Tapping feet sound upon the floor, and you barely have time to turn in such a way that your arm is hidden before prying eyes are upon you; you freeze as you're met with eyes so dark they are black to you peering in curiously from the other side.
"Britt?" She asks, and though she was the one to deliver death to your family, you hold no true animosity towards her. This place turned her into something she wasn't supposed to be, too.
"We're going to have a meeting soon in the front room, if you want to join in." She shrugs like it's no big deal, but you know it means they aren't trying to shut you out. It makes a warmth, different from the burning rain, settle in your chest.
"Yeah?" You hum quietly, almost a question.
Shadow scuffs her foot on the tiles and glares at the ground, arms crossing tightly over her chest. You sense a wounded animal within her. "Yeah. It was Wheezy's idea. We gotta figure out what we're doing... and if we even can stay here for that long. Seriously, have you noticed the smell?"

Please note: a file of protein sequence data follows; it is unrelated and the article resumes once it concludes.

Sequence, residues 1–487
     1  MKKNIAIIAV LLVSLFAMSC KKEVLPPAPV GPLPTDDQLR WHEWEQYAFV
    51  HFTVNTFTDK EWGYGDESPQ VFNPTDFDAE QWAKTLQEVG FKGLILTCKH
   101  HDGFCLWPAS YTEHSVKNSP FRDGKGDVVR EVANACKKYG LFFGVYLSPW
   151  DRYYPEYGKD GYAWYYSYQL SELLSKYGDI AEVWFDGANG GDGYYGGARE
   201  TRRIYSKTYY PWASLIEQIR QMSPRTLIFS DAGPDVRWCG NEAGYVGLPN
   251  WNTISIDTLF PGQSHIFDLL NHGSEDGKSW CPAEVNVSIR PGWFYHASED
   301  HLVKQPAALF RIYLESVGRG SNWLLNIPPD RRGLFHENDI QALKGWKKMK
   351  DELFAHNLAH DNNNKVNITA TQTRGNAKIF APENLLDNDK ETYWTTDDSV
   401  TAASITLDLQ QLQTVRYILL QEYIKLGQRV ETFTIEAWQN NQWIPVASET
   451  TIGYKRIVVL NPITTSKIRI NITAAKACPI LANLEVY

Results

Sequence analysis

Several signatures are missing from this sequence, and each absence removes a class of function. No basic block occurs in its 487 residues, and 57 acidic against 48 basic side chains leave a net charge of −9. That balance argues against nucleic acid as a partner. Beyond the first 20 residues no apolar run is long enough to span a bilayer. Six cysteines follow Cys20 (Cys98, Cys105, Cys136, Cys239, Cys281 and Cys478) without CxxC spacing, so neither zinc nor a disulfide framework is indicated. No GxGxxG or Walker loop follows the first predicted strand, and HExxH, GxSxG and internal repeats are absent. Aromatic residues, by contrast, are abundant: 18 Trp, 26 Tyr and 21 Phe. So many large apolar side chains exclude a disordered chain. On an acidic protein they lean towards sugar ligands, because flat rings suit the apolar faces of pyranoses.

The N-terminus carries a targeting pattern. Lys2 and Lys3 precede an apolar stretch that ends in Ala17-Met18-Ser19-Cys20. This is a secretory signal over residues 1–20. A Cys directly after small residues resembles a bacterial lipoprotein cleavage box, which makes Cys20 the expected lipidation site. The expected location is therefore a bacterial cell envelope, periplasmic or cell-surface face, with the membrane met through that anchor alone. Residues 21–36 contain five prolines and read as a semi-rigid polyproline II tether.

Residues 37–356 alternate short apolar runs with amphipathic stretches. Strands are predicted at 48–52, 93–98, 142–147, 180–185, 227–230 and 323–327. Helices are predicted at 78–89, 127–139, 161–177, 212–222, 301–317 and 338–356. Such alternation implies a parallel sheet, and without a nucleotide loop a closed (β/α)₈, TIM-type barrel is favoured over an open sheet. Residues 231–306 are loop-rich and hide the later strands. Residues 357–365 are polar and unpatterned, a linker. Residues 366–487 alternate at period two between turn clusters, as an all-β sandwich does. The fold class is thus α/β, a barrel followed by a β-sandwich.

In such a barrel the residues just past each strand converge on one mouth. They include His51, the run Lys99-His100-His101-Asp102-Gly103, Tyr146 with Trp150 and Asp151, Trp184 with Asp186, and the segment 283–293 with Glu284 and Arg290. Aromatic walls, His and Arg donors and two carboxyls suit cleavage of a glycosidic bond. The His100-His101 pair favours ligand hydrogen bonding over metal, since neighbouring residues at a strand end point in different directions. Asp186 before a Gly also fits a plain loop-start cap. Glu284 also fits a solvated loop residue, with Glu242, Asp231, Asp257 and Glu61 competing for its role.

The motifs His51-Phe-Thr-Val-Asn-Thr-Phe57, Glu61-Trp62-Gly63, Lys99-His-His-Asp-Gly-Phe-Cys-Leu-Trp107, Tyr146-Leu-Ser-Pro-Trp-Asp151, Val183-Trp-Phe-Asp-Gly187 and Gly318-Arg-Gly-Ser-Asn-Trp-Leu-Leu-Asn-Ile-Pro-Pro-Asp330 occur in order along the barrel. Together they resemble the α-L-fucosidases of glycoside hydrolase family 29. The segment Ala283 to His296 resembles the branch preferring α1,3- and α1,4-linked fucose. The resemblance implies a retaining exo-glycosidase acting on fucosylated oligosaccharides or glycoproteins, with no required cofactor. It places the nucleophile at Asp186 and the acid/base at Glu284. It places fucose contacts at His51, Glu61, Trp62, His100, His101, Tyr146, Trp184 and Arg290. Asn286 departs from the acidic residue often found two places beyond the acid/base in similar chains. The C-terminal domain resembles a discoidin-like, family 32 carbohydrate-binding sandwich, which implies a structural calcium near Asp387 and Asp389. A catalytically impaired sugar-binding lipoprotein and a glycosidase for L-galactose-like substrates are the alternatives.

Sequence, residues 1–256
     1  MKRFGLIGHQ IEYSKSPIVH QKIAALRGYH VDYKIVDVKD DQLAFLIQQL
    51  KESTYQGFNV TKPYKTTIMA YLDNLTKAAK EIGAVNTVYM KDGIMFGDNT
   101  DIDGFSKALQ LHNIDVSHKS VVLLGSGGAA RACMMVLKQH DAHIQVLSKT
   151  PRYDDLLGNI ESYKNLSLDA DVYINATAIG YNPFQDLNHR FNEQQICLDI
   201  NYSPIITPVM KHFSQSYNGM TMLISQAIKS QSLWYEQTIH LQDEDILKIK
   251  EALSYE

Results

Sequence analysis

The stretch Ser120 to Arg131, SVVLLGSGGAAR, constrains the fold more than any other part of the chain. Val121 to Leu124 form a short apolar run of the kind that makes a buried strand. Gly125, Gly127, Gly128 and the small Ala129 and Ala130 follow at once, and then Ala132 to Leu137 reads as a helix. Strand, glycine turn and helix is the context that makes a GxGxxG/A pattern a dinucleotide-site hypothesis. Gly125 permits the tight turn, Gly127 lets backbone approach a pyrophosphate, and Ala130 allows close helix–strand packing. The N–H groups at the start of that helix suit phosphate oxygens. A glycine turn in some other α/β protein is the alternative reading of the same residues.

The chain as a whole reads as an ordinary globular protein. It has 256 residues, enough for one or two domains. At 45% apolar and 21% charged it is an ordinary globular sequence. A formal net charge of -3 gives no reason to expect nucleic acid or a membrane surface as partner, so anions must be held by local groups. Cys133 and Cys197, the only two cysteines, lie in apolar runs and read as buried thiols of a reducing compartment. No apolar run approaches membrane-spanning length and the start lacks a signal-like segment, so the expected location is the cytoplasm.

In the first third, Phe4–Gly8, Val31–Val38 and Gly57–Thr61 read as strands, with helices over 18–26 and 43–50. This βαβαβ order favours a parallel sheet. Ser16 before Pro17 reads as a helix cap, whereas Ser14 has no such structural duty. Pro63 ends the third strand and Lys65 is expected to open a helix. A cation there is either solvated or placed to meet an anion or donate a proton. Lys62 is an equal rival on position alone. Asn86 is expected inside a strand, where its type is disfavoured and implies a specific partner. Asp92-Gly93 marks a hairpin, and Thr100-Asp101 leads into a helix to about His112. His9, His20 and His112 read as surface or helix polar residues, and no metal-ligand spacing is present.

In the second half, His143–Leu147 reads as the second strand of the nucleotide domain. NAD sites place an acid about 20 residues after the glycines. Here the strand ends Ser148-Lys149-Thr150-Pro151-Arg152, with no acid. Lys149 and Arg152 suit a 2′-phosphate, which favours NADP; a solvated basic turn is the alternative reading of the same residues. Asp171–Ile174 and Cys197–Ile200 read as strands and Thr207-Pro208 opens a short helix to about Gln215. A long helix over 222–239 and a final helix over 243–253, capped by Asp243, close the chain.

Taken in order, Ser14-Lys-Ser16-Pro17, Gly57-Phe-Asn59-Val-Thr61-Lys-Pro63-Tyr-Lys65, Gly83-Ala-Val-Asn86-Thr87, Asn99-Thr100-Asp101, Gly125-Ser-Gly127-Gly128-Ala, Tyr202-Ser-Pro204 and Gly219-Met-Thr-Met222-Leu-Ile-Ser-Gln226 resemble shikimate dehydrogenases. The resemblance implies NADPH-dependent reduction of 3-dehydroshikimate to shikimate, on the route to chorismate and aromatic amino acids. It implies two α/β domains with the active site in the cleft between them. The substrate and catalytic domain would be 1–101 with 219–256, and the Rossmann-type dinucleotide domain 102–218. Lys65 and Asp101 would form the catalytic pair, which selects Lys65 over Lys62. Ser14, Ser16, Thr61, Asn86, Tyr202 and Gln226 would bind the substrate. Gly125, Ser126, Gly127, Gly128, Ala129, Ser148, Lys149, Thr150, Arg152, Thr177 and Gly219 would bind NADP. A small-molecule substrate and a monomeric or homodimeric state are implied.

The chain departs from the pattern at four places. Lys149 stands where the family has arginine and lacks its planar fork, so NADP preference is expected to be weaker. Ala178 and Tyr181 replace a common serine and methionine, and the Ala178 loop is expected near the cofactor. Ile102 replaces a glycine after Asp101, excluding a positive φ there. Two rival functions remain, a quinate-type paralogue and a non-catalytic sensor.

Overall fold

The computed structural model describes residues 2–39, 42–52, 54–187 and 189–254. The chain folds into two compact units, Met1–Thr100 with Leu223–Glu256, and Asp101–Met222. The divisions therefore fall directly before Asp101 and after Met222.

"No, not really." You used to, all the time to the point where it made you sick, but now it's nothing more than a background to your daily life. "I kind of smelled like it for a while, so I got used to it. You should try it. One day, it might make good camouflage."
She nods slowly and sucks air through her teeth, starting to back up before she halts. "Hey... are you..." she hesitates here, scrunching up her nose like it pains her to say the words, "are you okay?"
"Sure!" You reply maybe a bit too loudly. She can only see your neck and above, though a slight portion of your side peeks out from the part in the shower stall. Where you have pressed your left arm against the tiles starts to throb accusingly. "I'm just hungry, I guess. I miss food."